I know I’m betraying my prejudices here, but that sounds like a silly reason to get a degree.
I totally agree with you. [Laughs.] But she didn’t have to worry about the money, obviously. She liked the status. I mean, she wanted the status. So it was interesting to me that the criticism within the “Dr. Biden” flap was never about that.
That’s what I was sensing a little bit with the first question. At first glance, you would think that some of the brouhaha would take that turn, but it seemed relatively confined to the angle that she’s a woman. And I think if you ask Epstein, the word that really set people off was when he said “kiddo.” But it wasn’t so much on the substance of the whole conversation about the education aspect, which is, I think, what Epstein was trying to get at in a way.
I think there were all kinds of status subtexts to that debate. [Laughs.] And some of them were more out front and center than others. If I remember correctly, Epstein didn’t say anything about Ed schools, but that was in there. That’s behind a lot of this discussion.
Your piece touches on a lot of very important aspects, but I want to bring up one in particular. Obviously, this whole phenomenon is to the detriment of the people who are part of this degree rat race, and they’re saying, “Okay, now I’m graduating college. It’s ultra-competitive; now, I have to go get a master’s.” But you also bring up: How about the people who can’t even be part of that process at all? You mentioned how maybe they’re taking care of a grandparent, or they’re taking care of their own child, and they can’t even be part of this to begin with. And in a time when so many people are talking about wealth inequality, there are all these people who can’t even be part of the signaling degree process at all.
That’s right. I’ve written about—and I’m sure most people are aware at this point—that the divide between the college-educated and those without a college degree has grown wider and wider. Now, you add other layers in the ladder, and the guy who can’t afford to take out a loan and maybe isn’t very good at sitting in class and needs to get into the labor market looks up at the top of that ladder and says, “That’s not me.” Maybe a B.A., but this other stuff just makes it look like it’s completely out of reach. And also, just in terms of the way you present yourself, there’s a whole language—we’re learning this from this whole CRT debate. There’s a whole language that comes from going to college that you learn and a way of being in relation to others. That, I think, is also part of the polarization in the country now.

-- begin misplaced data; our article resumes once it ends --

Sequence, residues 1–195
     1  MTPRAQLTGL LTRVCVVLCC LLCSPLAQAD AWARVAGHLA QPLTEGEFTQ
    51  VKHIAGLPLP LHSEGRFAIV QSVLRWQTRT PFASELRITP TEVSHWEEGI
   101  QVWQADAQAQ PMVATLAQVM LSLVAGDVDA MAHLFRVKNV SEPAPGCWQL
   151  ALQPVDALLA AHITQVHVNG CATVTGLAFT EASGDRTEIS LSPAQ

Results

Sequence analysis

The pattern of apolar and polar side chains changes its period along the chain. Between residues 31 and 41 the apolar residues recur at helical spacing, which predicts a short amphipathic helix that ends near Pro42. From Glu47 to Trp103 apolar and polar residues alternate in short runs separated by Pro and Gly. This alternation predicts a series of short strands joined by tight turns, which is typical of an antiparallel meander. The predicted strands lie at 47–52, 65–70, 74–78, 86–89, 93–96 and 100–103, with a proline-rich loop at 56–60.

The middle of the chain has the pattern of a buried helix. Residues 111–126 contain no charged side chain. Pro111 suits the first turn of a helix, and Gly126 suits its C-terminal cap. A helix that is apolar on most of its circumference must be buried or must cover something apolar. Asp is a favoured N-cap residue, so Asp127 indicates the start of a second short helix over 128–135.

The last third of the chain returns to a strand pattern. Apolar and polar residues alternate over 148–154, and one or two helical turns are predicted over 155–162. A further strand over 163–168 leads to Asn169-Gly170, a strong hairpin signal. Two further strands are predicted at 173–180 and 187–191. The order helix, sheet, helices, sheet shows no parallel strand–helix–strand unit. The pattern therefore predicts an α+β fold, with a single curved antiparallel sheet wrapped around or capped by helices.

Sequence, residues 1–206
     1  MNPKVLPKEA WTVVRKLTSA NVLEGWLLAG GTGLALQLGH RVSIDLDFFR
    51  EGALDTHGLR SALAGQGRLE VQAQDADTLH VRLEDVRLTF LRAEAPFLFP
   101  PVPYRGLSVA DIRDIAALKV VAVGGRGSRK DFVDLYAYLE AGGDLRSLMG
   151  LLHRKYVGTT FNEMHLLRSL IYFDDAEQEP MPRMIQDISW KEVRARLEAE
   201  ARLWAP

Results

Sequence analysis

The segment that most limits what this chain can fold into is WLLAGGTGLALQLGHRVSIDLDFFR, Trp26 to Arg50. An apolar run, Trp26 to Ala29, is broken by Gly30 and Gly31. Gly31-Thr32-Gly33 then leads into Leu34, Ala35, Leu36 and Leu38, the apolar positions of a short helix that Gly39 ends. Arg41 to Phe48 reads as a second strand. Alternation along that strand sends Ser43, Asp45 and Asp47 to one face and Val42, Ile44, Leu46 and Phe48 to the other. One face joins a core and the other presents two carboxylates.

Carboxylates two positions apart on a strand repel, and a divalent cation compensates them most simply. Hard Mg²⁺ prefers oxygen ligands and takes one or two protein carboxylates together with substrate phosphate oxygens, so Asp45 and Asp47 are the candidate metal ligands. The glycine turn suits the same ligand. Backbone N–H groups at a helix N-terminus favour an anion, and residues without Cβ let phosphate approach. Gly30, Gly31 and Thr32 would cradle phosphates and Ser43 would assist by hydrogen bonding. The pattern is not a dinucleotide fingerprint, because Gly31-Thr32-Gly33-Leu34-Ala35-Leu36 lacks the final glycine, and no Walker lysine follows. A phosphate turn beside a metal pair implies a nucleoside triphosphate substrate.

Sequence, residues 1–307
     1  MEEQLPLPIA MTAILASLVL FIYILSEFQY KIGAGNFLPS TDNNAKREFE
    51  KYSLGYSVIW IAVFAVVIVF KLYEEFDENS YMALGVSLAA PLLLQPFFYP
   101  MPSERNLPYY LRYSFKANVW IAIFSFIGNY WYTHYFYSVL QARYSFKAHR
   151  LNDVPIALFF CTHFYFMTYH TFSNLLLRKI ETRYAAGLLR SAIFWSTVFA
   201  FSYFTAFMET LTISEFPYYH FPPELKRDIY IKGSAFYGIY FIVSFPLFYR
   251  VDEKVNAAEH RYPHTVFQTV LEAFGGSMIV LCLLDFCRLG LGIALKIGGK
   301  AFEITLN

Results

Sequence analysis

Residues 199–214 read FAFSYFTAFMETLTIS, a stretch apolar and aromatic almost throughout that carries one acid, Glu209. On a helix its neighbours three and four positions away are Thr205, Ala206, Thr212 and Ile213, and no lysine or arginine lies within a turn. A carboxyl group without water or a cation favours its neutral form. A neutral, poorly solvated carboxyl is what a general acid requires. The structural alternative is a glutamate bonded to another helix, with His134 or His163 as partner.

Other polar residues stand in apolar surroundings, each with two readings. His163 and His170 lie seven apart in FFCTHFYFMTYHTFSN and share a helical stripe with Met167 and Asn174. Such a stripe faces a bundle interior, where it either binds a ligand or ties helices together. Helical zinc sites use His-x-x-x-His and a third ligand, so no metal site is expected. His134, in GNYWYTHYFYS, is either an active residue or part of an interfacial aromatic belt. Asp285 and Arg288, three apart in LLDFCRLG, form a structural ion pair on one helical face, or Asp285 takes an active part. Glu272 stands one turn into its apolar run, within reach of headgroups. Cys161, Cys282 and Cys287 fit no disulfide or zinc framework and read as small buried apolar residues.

You mean some of the jargon one picks up going to college?
I know Harry Truman’s family used to say, “Whenever you hear someone praying loudly, go home and lock up all your valuables.” [Laughs.] Whenever I hear someone using jargon, I just put the proverbial wax in my ears, and I don’t listen to anything they have to say.
[Laughs.] Right, and notice how that jargon keeps shifting so that you have to keep up with it.
People use these abbreviations in emails, and I have no idea what they mean at all.
[Laughs.] I know, I know.
I’ve also been very interested in the issue of inequality, and mostly I’ve written about it from the point of view of family structure because I do think that that’s a big part.
I saw that you had a piece out at the beginning of the month about the child-tax credit.
Yes. I think we can get into this if you want to, but my basic view is that if you’re raising kids in such dramatically different environments—one stable and one unstable; one with two parents and two incomes and two brains to figure out problems; and one with one, usually a mother, who is also then dealing with her own personal issues (new boyfriends, other children)—then you are going to have inequality perpetuate itself. We have a lot of data on that.
I mentioned Rob Henderson. He talks a lot about this—his experience being a foster child and how he became the exception rather than the norm.
Absolutely. He’s a rare bird, Rob. Foster kids are usually not going to make it to Cambridge.
Right, but, anyway, you were saying about family?
So I think the family issue is absolutely key to understanding inequality. I’m not clear exactly what we can do about it, but I’m determined to make people understand it because there’s a tendency to feel very shy when talking about family breakdown or “alternate family forms.”
People get maligned for saying, in my view, pretty straightforward things.